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Mayo woman set to become first Irish person in space

Dr. Norah Patten works for Réaltra Space Systems Engineering, winner of the “Franco-Irish Business Award for Newcomer of the Year 2023”.

A woman who works for a space research company in Dublin is set to become Ireland's first astronaut.

Dr Norah Patten, who is originally from Co Mayo but now lives in the Dublin and works for Realtra Space Systems Engineering in Coolock, will be part of a research mission on Virgin Galactic's new commercial spacecraft, which is due to begin operating in 2026.

She is part of a team being sent by the International Institute for Astronautical Sciences (IIAS) to advance scientific knowledge on supporting life in space and it follows on from a similar mission the Institute carried out last year.

Dr Patten, along with two other researchers from the US and Canada, will undertake the mission on Virgin Galactic's second generation of spacecraft, known as Delta, during the first year of its operation.

The commercial space flight will be less than two hours long and is sub-orbital, meaning that it will travel to and from space without going around the earth.

The all-woman team of researchers, whose flights are being funded by institutional investors, grants and sponsors, are using the mission to advance knowledge in the areas of fluids and biomedical research in space.

An aeronautical engineer and bioastronautics researcher with the IIAS, Dr Patten has taken part in multiple research campaigns into areas such as microgravity and the testing of commercial spacesuits

She has a PhD in aeronautical engineering from the University of Limerick, is a former global faculty member at the International Space University and has taken part the International Space University Space Studies Program.

Her interest in space travel was sparked three decades ago, when she visited a NASA research centre in Cleveland Ohio on a family holiday to visit relatives.

'Impossible dream'

She describes her childhood ambition to travel to space as "an impossible dream" but she said her inclusion on the 2026 missions shows how hard work and persistence can help people achieve their goals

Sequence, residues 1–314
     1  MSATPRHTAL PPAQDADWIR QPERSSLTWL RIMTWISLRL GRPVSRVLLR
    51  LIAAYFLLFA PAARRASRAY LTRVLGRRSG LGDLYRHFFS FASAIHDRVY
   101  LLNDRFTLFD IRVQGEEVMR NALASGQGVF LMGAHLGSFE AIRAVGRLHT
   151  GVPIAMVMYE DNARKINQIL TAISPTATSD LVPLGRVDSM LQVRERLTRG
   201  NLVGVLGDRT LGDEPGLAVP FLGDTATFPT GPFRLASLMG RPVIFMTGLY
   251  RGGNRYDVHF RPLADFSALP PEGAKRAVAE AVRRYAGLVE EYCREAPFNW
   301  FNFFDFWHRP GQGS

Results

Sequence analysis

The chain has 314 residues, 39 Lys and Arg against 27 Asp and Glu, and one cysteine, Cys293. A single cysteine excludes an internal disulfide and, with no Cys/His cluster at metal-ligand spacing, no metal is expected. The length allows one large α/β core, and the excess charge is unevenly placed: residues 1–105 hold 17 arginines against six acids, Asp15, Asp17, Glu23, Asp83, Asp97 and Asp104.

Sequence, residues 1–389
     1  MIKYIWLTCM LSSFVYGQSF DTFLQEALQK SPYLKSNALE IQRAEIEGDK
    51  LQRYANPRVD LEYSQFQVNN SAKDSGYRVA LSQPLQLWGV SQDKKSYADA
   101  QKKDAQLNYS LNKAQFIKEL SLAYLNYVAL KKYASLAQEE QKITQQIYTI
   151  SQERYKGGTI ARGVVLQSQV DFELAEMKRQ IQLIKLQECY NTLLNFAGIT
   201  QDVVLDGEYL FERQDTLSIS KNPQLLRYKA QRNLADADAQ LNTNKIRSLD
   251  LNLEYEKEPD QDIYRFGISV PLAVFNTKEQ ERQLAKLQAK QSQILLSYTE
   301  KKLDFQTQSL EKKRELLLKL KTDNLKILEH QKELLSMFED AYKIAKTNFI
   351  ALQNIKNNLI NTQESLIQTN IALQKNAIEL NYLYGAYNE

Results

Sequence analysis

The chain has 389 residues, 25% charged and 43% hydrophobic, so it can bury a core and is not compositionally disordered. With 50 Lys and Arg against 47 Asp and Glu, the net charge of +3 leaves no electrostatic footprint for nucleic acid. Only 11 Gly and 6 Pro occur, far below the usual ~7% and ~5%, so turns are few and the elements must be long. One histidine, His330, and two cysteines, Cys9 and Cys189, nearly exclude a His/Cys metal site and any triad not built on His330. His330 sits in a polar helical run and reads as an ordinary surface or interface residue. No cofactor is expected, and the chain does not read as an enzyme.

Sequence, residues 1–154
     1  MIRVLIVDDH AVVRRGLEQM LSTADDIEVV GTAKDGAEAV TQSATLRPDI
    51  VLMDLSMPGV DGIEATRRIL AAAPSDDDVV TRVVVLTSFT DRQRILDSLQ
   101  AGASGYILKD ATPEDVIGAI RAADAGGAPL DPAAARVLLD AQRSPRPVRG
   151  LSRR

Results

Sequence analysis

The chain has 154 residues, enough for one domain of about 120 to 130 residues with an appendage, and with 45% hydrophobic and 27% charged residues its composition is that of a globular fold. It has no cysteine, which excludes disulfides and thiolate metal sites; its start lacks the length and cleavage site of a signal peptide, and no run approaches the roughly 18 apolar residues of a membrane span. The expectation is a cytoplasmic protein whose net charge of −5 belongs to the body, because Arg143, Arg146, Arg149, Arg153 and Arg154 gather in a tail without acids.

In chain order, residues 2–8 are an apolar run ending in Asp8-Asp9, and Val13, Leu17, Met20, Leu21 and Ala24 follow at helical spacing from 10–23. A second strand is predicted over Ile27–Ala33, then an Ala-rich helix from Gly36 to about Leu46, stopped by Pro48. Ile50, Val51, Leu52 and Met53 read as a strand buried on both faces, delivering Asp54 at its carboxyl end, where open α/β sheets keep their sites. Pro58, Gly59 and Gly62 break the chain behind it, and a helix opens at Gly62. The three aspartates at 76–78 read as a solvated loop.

"When I was 11, I had an opportunity to visit NASA in Cleveland, Ohio. And since that day, I've set my eyes on space and even though it's been an absolutely impossible dream, it just goes to show with persistence and much hard work I have finally been offered this unbelievable opportunity," she said.

Dr Patten added: "I'm so grateful. I'm so thankful. And I'm just so proud to have this moment. Its very hard to put into words the excitement and pride and all the emotions I feel now that this spaceflight has been secured."

The cost of the flight on this new craft, which is still in development, has not yet been finalised but it is expected to be in the region of $600,000 (€560,000).

Tickets for Virgin Galactic’s first commercial flights on its Unity craft cost $450,000 (€420,000). Unity was retired last week after a year in operation in which it took 37 people to space on 12 flights.

The research will focus on how life performs in space.

"The research spaceflight is a one-day suborbital spaceflight and from take-off to landing it's less than two hours," Dr Patten said.

"But we'll be using every single moment of that to try and maximise the research outputs. I will be flying as a payload specialist, and I'll be testing a variety of experiments in space. "

She added: "This is a progression of the Institute's inaugural spaceflight, which took place with Virgin Galactic in 2023 testing fluids research and other biomedical research.

"So, our flight will advance the research findings from that first flight, and we'll also be taking new biomedical and physical sciences experiments on board."

Dr Patten, who has written an award-winning children's book on space and has promoted numerous STEM initiatives for young people, said she hopes to use the time preparing for her space flight to engage with Irish people about the space sector.

While she admits that some of her family members are nervous about her journey into space, she said will take particular pride in explaining to her now two-year-old daughter in the future about the significance of this journey.

"I don't feel any nervousness. I feel a huge sense of pride. I feel a huge sense of responsibility to my research institute to maximise our research.

"But also as a national first, this is such an amazing opportunity to engage with people all over Ireland and to show them what's possible," she said.

In a statement the IIAS said Dr Patten’s experience was key to her selection for the mission.

"Norah Patten has consistently demonstrated the teamwork, excellence, and expertise needed to produce high-quality, cutting-edge research in operational environments.

"The IIAS team will collaborate closely with academic, government, and commercial partners to carefully plan the crew's spaceflight activities to maximise the science and technology returns gained from this mission."

 

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